As reports come in on another government subsidized solar company's bankruptcy, I wonder is solar and wind energy really viable today? I want to take a trip off my usual path for just one day. I have a brother-in-law who is extremely bright and a born entrepreneur. Back in the mid 70's he started his own solar business. It was mostly water heaters at that time. They were bulky, huge and really didn't make as much hot water as was needed by a family. It might have been viable for just 2 people in a household, but that wasn't the case of his first sale... his parents. They still had 4 children living there too. Bonnie has always laughed that her dad would shut off the hot water in the middle of her showers leaving her to finish in cold water. There just wasn't enough to finish and have some for others.
Today, the solar systems are much improved for sure. If I were constructing a new home, I'm sure I would include some solar panels into the mix. With all the tax credits and advertisement, we looked into solar and wind for ourselves in an existing home. Here's what we discovered.
Wind was totally out of the question. It takes very windy conditions to make that viable at all. We thought we had a good windy spot on top of our 66' TV antenna tower. But no good. Still not enough wind and then there is the generator motor rebuild every other year and the other yearly maintenance that made it un-affordable and good for nothing.
We do have lots of space for solar panels though. After getting all the estimates we sat down with the expert and started asking questions. The cost was really high and when pushed he finally told us that we would start breaking even sometime in year 17. That wasn't including any interest from that money over that 17 years either. So then we asked how long are these panels good for? He said about 20 years they think. Now I have Lifetime windows in place that some are in need of replacement after only 10 years. I also have 50 year caulking that I have to replace every 5 years... So I am skeptical that these things will last 20 years. So then I said what is the cost of replacing them in 20 years.... he said about the same as the cost of putting them in new with a small savings since the brackets are already there assuming there is no rusting taking place in them.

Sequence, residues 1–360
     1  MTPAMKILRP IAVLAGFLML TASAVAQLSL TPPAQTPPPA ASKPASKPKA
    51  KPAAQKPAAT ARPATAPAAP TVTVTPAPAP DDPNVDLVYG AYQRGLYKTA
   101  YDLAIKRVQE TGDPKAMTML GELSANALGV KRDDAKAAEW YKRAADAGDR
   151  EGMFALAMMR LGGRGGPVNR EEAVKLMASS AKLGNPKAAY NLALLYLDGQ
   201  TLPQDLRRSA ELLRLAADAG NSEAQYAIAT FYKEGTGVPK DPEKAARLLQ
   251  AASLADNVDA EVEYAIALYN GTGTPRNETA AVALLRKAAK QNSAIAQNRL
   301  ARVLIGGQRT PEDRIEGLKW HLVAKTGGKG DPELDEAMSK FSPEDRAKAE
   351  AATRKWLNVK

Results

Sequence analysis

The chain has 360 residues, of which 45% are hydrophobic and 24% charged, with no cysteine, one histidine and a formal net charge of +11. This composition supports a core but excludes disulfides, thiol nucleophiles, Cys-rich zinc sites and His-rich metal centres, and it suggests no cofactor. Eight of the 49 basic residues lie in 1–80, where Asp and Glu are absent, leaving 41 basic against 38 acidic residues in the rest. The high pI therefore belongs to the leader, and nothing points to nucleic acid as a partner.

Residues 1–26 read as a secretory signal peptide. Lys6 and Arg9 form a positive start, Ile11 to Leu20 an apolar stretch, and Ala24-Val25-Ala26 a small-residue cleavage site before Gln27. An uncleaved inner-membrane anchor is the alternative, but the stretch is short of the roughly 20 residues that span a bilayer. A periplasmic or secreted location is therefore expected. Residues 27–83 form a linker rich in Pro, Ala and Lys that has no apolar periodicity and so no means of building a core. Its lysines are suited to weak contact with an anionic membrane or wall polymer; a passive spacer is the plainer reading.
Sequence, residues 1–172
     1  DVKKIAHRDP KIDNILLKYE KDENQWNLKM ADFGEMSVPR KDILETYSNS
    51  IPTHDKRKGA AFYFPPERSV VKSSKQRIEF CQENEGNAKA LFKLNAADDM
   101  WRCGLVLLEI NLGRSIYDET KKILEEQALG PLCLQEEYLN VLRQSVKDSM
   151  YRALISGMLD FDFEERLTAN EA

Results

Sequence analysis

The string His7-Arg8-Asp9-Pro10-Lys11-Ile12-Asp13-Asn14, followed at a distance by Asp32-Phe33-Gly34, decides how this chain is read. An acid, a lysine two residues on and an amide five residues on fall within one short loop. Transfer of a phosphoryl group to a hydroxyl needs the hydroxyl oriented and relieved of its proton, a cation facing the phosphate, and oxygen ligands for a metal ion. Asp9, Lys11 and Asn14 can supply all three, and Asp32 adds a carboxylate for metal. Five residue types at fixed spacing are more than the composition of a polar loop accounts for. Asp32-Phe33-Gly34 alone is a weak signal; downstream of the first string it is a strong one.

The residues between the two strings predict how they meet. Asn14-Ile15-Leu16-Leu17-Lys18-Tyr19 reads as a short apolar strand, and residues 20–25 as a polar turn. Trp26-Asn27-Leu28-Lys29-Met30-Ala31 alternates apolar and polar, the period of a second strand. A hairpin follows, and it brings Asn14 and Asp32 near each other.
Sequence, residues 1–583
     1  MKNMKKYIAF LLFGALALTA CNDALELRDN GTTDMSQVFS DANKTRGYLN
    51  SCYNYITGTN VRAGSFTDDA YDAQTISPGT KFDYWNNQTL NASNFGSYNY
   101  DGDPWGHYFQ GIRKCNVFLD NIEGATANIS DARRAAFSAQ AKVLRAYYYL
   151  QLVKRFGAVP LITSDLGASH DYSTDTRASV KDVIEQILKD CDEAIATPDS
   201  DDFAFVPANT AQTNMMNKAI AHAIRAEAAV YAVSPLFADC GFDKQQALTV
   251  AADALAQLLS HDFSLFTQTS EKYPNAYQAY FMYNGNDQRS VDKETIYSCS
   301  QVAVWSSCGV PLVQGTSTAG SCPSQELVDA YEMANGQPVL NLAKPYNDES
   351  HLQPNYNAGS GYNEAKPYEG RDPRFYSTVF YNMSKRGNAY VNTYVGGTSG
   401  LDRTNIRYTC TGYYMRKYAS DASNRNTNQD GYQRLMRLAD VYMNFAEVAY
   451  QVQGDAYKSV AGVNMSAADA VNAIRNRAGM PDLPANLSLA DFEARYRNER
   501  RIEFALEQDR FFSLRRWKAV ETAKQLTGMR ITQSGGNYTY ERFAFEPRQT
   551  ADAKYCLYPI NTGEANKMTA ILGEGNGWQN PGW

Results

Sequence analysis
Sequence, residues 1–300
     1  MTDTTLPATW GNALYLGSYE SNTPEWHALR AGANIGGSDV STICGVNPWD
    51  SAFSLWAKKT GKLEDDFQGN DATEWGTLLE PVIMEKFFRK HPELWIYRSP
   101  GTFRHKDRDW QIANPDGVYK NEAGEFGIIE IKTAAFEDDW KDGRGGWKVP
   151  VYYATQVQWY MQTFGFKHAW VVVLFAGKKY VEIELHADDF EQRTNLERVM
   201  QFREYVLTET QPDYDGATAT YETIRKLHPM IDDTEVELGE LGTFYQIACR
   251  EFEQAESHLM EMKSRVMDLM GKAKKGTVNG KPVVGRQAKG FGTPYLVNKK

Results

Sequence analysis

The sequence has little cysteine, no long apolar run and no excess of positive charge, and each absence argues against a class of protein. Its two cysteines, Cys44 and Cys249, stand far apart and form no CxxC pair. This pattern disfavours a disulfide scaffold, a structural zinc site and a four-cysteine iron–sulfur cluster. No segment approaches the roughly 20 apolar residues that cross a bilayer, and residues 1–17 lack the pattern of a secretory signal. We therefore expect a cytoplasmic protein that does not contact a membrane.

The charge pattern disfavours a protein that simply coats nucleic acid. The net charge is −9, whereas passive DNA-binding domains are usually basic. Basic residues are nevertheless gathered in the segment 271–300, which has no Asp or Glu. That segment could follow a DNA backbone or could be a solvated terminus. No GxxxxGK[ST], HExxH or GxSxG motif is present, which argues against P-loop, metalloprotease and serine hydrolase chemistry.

Now, why would I spend $80,000 of today's money to save $200 a month on our electric bill and not see the $80K repaid until year 17 and again assuming the panels last that long? That $80,000 was after the tax credit payment by the way. I really don't see other than new construction where it's part of original cost of building, that this is a viable energy source as of yet. I know there is some satisfaction in knowing we are reducing our carbon footprint and all but I believe I will do my part better when I stop breathing out.
I have one friend who found a loophole that makes it all work for him. He raises hogs for a company and they pay for his once enormous electric bill. He put thousands of panels on his hog barns to where the electric company actually pays him back most months plus the hog people pay his agreed amount for electricity every month. I'm wondering how long that contract will last with them knowingly paying for electric he's not using anymore. Time wil tell. Aw.. the price of good bacon! I hope it works out for him because of what it cost him to install all those panels, it was much more than $80,000... about 10x more.
The most viable option I believe available today is still ground source heating and hot water, but then again not for an existing home when you figure out the cost recovery time. So I ask again, is solar really that viable with today's techology?